How is identity defined and maintained in the play?
It is perhaps curious to talk about identity in a play where the characters do not seem entirely realistic and do not actively seek to define themselves as individuals. However, there is some value in looking at the ways they do, to an extent, construct their identity. Ultimately, identity comes from dominating others. The characters feel a sense of self when they break down others. This happens with Max and Sam, Teddy and Lenny, Lenny and Ruth. Critic Penelope Prentice also sees the characters valuing identity in their jobs: “Pinter’s characters assert identity only one other way—by claiming the right of title conferred by work outside the house. Max boasts of being a butcher, Sam, ‘the best chauffeur in the firm,’ and Teddy enjoys Lenny’s references, however mocking, to his being a professor of philosophy. Both forms of identity rely upon the recognition, and ideally the respect and even admiration, of others.” This is a typically masculine way of defining oneself, and fits with the rest of the characters’ behavior and statements.
What role does Sam play in the work?
For most of the play it seems as if Sam is there merely to be yelled at by Max. However, he does play a more central role as the play goes on, and it is not just that he reveals Jessie slept with MacGregor in the back of his car. Sam is the only voice of a traditional morality; he is the only one who seems at all disconcerted that Ruth will be the whore to Max and the sons. He comments that Teddy is Ruth’s “lawful husband. She’s his lawful wife” (69) and protests Max’s plan by stating “Don’t be silly” and “You’re talking rubbish” (70). The stress of this situation is what causes him to reveal his secret, though he intimated it several times prior. Sam is not dominant, though, and his objections to the plan are quickly drowned out.
Whose Homecoming is it?
On the surface it seems like the title refers to Teddy’s return to his London home and his family. He is the only son to have left the family; he took a job in a place far away, married and had children without telling anyone, and devoted himself to his studies and writings. Now he has returned and is looking for his father’s blessing. Yet, while the play could be about Teddy’s homecoming, it may also be Ruth’s. Certainly this would be more figurative, but the “homecoming” is Ruth’s freeing herself from her indifferent husband and assuming a position of power. It is her freedom and her dominance; it is her sexual awakening. Ruth takes over the position previously held by Jessie, and comes home in her own way.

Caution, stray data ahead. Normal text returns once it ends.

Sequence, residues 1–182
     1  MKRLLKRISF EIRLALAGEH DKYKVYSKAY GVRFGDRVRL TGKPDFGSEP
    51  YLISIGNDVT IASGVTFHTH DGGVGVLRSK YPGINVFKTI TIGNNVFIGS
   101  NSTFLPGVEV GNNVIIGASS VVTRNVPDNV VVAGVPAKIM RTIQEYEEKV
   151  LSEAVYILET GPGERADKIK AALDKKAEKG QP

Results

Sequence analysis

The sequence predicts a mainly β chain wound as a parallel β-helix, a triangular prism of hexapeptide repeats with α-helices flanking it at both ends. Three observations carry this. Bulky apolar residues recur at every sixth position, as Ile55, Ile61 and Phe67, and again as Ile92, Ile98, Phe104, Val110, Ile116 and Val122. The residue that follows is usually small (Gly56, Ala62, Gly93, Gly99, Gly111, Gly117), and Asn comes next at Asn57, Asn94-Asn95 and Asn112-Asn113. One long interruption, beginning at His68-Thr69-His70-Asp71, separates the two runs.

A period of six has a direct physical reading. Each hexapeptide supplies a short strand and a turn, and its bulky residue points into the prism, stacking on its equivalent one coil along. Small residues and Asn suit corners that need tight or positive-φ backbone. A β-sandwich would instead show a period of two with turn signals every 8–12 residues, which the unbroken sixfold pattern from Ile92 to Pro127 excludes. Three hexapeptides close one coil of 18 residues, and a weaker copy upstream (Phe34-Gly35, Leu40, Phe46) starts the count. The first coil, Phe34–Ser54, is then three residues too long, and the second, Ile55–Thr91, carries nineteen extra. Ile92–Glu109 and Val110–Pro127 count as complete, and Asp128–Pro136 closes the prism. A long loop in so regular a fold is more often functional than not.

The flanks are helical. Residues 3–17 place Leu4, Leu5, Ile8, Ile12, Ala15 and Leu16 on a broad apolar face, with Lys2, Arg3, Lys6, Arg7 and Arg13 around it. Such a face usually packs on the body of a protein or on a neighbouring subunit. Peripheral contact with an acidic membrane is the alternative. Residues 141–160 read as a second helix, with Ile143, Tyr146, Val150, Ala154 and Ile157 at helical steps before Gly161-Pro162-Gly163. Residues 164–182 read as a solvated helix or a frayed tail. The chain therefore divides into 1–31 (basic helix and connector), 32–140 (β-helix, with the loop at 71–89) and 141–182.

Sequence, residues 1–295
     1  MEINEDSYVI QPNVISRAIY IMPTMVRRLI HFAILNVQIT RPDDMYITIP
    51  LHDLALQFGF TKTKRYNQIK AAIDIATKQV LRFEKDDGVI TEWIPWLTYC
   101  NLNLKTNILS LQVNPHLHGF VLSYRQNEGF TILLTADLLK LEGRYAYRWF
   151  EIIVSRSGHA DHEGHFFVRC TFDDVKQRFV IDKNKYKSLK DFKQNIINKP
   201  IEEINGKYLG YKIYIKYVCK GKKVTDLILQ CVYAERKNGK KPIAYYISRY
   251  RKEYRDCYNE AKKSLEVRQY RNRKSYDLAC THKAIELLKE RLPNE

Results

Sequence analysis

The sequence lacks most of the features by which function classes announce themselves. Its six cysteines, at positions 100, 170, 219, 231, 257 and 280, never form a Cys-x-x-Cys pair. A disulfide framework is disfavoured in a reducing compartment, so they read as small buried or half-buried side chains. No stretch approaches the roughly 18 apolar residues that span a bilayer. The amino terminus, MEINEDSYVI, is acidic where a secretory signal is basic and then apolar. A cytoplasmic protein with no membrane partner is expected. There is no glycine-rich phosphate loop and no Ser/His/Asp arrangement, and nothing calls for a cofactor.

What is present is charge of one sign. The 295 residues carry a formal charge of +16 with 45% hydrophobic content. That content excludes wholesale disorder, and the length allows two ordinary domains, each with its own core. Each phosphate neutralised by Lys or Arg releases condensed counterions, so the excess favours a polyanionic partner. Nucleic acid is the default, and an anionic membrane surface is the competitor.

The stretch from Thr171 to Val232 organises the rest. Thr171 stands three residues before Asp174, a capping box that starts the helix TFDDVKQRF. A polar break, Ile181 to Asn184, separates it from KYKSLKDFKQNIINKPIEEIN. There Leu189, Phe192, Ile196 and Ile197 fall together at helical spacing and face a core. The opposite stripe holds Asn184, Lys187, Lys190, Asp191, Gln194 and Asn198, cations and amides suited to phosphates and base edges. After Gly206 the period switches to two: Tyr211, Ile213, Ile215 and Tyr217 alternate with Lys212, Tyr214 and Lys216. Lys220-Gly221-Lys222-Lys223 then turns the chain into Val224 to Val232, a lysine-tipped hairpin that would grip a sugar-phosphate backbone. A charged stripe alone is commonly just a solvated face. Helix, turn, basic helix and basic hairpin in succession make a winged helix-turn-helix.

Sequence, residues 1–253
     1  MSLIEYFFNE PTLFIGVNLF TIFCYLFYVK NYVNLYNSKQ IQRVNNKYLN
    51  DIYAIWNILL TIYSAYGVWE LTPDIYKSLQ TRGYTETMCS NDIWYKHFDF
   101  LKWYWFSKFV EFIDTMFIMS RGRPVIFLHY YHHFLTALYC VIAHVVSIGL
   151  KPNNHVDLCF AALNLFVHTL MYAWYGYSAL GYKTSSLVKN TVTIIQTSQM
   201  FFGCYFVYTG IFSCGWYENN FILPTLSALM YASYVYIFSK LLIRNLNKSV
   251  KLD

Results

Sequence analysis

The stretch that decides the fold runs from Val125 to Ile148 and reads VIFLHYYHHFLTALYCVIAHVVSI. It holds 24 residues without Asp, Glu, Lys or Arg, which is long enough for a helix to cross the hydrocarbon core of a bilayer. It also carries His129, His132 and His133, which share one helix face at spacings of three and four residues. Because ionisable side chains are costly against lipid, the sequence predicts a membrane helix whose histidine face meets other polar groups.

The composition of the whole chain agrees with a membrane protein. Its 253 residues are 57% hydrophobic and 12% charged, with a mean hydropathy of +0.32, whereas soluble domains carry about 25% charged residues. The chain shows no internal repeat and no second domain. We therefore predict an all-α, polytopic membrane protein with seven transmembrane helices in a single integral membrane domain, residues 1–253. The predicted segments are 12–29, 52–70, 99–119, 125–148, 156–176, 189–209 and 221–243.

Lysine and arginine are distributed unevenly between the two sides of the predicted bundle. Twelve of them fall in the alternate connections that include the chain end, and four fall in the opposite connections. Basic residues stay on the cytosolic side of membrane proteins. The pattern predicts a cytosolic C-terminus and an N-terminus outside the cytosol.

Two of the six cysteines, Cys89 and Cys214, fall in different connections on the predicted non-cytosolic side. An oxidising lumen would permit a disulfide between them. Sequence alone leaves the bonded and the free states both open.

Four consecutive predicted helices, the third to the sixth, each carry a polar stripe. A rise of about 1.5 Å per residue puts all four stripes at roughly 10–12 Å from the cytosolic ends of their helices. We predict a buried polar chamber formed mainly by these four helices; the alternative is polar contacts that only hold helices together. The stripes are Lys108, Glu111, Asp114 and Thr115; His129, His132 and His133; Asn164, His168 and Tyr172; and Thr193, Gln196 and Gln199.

Is there a system of morality present in the play?
Interestingly, morality seems to have no role in this play. Sam half-heartedly musters opposition to the plan for Ruth to stay, but he is steamrolled verbally and then collapses to the floor and says nothing. Max, Lenny, and Joey have no moral qualms about seducing their son/brother’s wife and asking her to stay on as a prostitute for them. Teddy and Ruth are not offended or surprised by this request. Critic Michael Hinden states that these questions definitely don’t enter the play and “crucial decisions are left open to experiment in a contained and self-reflexive framework. Within the confines of this framework, elements may interact in predictable or unpredictable ways, but the system itself appears to be isolated from the outside world.” It is no accident that the characters and the situation thus feel alien to the audience; it is not Pinter’s goal to make them realistic.
What happens to the male characters when Ruth interacts with them?
For being such a quiet and serene woman, Ruth has a powerful effect on the men of the family (all except for Teddy, whose utilitarian philosophy precludes him from fully engaging with her). Lenny is the first to experience her power when she turns the tables on him in their first conversation. She also holds her own in the negotiation about her future role in the family, procuring everything she wants. For Joey, Ruth is a powerful sexual force, and even though we don’t know exactly what happened in the bedroom, she seemed to come out of it with what she wanted, though Joey seems flummoxed by two hours of “love play” that didn’t result in “going the whole hog.” He is, it is clear, dominated by her sexuality. Max also loses his edge when his plan for Ruth to stay becomes fully dictated by her terms. His stress about this reversal of power leads him into an almost infantile regression at the end of the play; he crawls on his knees, sobs, and begs her to kiss him. Overall, the men assert their desire to dominate Ruth throughout the play, but by the end the exact opposite appears to have happened.